Stanford Midcentury Addition-Remodel project was recently completed by DADO Group, a San Antonio based firm that offers clients single-source architectural design and construction services. Seeking a modern interpretation for a 1963 vaulted roof Olmos Park home described by architectural journalist Steve Bennett as “caught in a kind of ‘Brady Bunch’ time warp,” the renovation exposed the good bones of the property in contemporary fashion.
The 2,800-square-foot structure was dark and boxy, with smaller rooms separated by fixed walls. Barrier walls and an entry hall closet were removed, opening up the living/kitchen area. 4 x 8-foot windows were also added all along a west wall of the living/dining area filling the space with natural light.
Anchored by a custom blackened steel, a pivot entry door with an elongated circular steel pull, an expanse of two-inch by two-inch custom cypress ceiling slats extend from the front porch into the entry, dining and kitchen culminating with the addition of a 20-by-24-foot glass-walled family room with concrete floors where the garage was once located.
Recessed LED lighting interspersed between the slats in a random pattern leads adds visual interest to the design while illuminating the series of open-concept living spaces.
In the kitchen, wood paneling was stripped away and high gloss white cabinetry was installed. A work island of white quartz with waterfall edges holds deep drawers for added storage. The back of the island is accented with a black steel plate. The blackened steel is repeated in windowsills with black aluminum windows. Appliances are all black.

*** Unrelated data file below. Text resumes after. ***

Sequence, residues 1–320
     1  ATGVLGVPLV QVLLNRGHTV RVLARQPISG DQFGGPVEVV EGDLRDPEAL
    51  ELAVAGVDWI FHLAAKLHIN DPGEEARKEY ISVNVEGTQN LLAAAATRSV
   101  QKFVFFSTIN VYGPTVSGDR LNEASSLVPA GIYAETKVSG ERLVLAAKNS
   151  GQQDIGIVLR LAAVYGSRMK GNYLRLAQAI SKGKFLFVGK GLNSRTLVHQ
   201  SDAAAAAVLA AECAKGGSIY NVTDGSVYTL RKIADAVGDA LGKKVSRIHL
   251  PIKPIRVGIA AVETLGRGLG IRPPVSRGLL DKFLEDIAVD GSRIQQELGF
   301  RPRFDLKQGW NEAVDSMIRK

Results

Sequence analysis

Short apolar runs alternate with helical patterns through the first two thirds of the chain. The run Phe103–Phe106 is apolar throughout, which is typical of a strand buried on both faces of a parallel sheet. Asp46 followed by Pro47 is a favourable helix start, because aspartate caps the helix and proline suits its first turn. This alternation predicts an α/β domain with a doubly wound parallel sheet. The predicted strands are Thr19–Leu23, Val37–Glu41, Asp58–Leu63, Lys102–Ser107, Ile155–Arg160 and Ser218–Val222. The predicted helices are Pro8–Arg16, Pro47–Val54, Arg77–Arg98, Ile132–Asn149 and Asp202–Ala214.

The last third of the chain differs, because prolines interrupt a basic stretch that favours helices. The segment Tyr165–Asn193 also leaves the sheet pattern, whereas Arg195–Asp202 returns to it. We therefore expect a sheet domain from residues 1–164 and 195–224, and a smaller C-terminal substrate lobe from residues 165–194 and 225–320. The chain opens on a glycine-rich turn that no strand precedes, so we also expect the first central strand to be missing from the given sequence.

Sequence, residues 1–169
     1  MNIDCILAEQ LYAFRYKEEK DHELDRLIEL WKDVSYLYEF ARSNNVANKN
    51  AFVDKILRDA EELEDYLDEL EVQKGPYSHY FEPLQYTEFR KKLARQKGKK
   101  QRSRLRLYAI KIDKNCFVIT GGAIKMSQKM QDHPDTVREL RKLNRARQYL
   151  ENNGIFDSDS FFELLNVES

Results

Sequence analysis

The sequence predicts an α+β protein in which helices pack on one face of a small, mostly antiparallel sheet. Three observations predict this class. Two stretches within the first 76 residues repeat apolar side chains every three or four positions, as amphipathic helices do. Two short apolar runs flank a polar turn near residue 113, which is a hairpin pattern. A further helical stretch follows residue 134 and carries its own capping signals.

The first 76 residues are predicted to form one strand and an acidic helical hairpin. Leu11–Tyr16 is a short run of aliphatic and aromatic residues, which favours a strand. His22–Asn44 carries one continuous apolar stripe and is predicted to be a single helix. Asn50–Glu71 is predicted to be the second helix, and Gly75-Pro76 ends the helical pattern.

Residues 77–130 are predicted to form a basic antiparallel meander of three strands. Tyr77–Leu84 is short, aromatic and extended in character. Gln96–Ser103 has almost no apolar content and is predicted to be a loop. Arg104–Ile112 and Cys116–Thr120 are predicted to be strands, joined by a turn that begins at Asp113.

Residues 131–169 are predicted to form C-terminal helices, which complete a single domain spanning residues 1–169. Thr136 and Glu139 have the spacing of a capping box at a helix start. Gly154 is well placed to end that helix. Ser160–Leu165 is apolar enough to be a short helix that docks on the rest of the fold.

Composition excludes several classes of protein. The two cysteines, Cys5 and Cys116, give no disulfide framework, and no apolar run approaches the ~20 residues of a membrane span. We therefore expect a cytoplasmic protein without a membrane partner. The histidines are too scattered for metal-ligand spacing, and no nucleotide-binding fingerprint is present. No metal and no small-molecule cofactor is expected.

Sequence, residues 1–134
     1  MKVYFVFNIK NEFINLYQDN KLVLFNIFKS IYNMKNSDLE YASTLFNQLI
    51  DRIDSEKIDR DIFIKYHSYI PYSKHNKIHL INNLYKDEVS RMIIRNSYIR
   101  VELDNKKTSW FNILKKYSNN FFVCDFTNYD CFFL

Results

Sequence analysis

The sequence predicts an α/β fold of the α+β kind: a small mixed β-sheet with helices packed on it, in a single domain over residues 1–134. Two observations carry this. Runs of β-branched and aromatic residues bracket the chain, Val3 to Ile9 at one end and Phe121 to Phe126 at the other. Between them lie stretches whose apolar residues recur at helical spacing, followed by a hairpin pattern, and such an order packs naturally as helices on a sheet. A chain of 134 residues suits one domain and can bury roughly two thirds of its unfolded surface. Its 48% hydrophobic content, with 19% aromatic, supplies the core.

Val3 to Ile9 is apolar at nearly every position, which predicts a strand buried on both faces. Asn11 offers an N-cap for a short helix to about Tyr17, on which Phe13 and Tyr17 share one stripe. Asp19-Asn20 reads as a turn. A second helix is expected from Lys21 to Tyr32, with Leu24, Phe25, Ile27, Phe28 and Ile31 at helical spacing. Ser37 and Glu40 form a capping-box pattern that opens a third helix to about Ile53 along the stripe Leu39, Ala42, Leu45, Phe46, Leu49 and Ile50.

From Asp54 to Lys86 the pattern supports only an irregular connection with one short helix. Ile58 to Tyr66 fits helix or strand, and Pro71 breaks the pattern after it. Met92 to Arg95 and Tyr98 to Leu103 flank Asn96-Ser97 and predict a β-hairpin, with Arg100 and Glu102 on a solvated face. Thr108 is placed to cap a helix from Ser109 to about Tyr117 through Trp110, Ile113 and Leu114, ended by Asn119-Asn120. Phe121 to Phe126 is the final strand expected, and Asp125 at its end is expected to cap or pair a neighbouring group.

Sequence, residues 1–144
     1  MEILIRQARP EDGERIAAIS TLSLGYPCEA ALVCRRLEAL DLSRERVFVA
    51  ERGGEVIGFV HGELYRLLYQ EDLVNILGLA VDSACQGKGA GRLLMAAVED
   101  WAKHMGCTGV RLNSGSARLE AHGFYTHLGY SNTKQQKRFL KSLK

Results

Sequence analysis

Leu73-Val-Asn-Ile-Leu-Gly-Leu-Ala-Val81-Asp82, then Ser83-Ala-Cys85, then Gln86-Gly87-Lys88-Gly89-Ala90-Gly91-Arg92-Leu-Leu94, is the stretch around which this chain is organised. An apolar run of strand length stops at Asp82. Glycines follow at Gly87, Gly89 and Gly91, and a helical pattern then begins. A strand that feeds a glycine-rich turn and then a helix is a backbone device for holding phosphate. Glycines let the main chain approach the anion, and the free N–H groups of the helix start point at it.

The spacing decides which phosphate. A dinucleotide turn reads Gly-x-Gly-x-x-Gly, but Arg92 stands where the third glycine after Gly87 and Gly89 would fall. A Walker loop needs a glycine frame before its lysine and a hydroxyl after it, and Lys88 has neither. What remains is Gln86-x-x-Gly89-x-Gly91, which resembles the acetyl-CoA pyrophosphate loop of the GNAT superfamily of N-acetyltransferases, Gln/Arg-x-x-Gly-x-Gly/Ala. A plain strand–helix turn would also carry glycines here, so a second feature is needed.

The red brick living room fireplace surround was resurfaced with hand troweled soft gray plaster that was repeated on the kitchen’s waterproofed backsplash. An original three pendant light fixture hangs in the living area where the vaulted ceiling is given a retro redo with sculptural ceiling tiles. Original Terrazzo floors were resurfaced and polished.
Steel girders and custom steel framework with expanses of glass wall encase the jewel-box family room, a new addition that extends the interior space into the outdoor landscape. A plywood cypress ceiling reaches a height of 14-feet, giving the airy respite volume.
Steel brackets hold a custom Baltic birch plywood laminate floating workspace/desk with high gloss white top that extends the entire width of the space. The edges of the wood are oiled to further expose grain and color variation.
The bedrooms have been kept minimal and clean, allowing natural light to flood the white-walled retreats. Frosted glass sliding doors front reconfigured closets. Clerestory windows were installed to maximize natural lighting while insuring privacy. Floors are self-leveling concrete that has been dyed light gray and waxed for a subtle luster. Two of the bedrooms have sliding glass doors that open to a rear patio.
The master bath features a walk-in shower that is plastered in the same hand-troweled surfacing adding continuity to the repurposed home that now boasts mid-century vibe meets modern family. Project Photos by Dror Baldinger
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